You will need to search for your proposed business name in the Provincial Registry of the Province you want to register in. If you are registering your business in a province that offers free preliminary name searches you should do your free search before you order your NUANS search. That way, if there are issues with your proposed name you can avoid spending money on additional searches and move on to another name. Below is a list of Provincial Registries with an indication of whether fees apply for preliminary searches.
- British Columbia -Free Search
Alberta – Search Fees Apply
Saskatchewan Search Fees Apply
Manitoba – Search Fees Apply
Ontario – Search Fees Apply
Quebec – Free Search
New Brunswick – Search Fees Apply
Prince Edward Island -Free Search
Nova Scotia – Free search
Newfoundland and Labrador – Search Fees Apply
Nunavut – Free Search by email
Yukon– Search Fees Apply
Northwest Territories – Search Fees Apply
If you will be doing business across Canada you may choose to incorporate a federal company. A NUANS search will be required when you submit your proposed name for registration.
3. Check Federal Registries
Corporations Canada, a division of Industry Canada, maintains a database of all federally incorporated companies. You can check this database for free. You should check for your proposed name to see if there are any other businesses operating under the name you are considering. This may influence whether you decide to go forward with your proposed name or choose a different one. To search the database you can go here.
4. Check for Existing Trademarks
You should check to see whether an application has been submitted for a trademark or if a trademark already exists for your proposed business name. You can do this for free in the United States and Canada. If you check the trademark database and find that somebody else has prior rights to your proposed name you may wish to consider a different name to save yourself from trouble down the road.
I was once forced to change the name of a web product when I received a request to do so from the legal counsel for Bank of America. Although I could have argued that my product was significantly different from Bank of America’s and did not infringe on their trademark it was clear that they had unlimited resources to devote to their mission to protect their trademark and I had bigger fish to fry. So I did the wise thing and changed the name of my product. To save yourself this kind of grief, it is better to be cautious and check for trademarks.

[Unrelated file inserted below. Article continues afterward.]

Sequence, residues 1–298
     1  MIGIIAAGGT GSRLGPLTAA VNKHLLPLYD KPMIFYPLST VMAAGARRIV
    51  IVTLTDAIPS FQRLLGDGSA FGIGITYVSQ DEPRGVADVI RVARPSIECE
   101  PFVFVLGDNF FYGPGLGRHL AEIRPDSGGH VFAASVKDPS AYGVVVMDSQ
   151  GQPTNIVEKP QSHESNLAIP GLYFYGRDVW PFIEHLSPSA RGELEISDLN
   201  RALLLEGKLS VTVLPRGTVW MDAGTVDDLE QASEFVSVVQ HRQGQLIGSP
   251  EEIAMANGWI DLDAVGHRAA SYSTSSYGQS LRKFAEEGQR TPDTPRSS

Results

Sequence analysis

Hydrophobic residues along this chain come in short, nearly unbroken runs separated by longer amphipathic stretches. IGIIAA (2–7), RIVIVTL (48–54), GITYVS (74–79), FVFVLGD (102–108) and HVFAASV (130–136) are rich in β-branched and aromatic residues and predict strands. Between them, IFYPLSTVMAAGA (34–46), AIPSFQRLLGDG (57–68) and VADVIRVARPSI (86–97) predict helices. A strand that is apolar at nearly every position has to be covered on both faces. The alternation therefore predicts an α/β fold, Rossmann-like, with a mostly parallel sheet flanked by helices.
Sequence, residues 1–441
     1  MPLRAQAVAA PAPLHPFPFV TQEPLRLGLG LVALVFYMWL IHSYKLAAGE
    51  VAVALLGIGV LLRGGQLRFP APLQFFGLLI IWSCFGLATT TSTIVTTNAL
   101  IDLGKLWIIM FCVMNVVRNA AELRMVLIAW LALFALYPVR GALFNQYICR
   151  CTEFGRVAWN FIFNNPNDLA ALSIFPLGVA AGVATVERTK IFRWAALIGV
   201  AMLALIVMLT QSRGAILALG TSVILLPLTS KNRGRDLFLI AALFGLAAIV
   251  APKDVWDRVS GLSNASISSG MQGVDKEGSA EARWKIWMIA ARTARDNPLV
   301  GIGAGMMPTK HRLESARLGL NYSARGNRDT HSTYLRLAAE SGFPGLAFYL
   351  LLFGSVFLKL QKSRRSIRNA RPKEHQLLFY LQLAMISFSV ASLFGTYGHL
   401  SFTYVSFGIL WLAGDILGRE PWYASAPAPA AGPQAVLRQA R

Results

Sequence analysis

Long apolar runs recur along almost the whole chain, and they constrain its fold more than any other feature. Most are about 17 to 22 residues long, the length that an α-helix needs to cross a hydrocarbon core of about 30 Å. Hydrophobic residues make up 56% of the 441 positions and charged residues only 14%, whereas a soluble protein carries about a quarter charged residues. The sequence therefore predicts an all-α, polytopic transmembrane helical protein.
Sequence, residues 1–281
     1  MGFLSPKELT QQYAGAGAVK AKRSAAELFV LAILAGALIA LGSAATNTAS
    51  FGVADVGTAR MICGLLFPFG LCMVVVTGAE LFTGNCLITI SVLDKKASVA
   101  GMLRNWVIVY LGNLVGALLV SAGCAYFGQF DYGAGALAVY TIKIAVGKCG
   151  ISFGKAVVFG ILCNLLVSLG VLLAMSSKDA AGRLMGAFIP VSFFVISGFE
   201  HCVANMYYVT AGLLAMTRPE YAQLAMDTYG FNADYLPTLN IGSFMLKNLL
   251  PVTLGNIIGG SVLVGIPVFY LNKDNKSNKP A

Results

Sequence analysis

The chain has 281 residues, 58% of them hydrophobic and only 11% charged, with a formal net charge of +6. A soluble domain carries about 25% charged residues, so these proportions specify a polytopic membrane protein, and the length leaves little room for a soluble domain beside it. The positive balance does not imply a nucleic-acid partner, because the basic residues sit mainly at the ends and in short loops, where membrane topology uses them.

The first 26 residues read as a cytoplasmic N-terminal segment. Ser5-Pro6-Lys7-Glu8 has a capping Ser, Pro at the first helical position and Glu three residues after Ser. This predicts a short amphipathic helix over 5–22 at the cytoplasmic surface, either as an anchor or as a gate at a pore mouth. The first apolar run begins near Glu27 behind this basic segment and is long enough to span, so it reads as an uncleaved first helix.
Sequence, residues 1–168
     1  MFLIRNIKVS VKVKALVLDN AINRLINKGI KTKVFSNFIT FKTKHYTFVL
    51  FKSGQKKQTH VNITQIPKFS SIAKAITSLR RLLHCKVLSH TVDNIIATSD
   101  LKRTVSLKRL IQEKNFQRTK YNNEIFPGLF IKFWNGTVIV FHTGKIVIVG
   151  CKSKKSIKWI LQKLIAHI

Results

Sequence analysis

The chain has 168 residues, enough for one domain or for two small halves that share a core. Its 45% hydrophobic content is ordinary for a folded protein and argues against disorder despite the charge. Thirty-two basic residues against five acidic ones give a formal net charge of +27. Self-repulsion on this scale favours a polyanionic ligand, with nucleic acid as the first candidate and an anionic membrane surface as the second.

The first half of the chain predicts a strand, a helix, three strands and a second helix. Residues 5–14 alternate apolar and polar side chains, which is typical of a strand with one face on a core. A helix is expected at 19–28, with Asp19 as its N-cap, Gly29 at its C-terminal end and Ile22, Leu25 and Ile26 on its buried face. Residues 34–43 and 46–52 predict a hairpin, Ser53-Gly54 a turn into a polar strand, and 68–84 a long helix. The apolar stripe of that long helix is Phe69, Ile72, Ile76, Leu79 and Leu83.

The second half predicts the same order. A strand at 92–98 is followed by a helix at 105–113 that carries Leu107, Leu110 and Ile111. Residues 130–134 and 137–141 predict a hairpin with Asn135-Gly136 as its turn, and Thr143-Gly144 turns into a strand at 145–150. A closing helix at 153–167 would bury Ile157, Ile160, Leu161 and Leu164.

You can do a Free Search of the Trademark Database to check whether there are pending applications for a trademark or if a trademark already exists. You can can check the United States Trademark Database or the Canadian Trademark Database.
5. Check Google
Google can be useful in a number of ways in determining the viability of your proposed name.
You can Google your proposed name to make sure there is no confusion with unrelated things. For example, a number of years ago we were working on a project for an automotive listing service that would help people find used cars. We had planned to call the service ALS until we discovered that ALS was the abbreviation for Lou Gerhig’s disease, a devastating neuromuscular disease. Google is a powerful tool for discovering co-incidences that may initially escape your attention.
Google is also useful for determining common mis-spellings of words. If you type in your proposed name it will suggest common mis-spellings. You can use this information for SEO purposes to make sure that you use the mis-spellings in your keywords and descriptions. For instance, our product MondoPlayer, can be spelled as all one word “MondoPlayer” or as two words “Mondo Player”. We have optimized our SEO to make sure both spellings are included.
If your proposed name has common mis-spellings evidenced by your Google search, you may want to consider purchasing the domain names for those mis-spellings if they are available. You can point the misspelled domain to your properly spelled domain so you will not lose potential customers.
Choosing a business name is a challenge but if you follow the steps above you can quickly explore different options and narrow down your choices. It is a good idea to actively consider at least 3 alternative business names.
In my previous post, I outlined the qualities your business name should have. Combine that advice with the searches I recommend here and you will be on your way to choosing a business name that will serve you well for many years.
Photo Credit: Matt McGee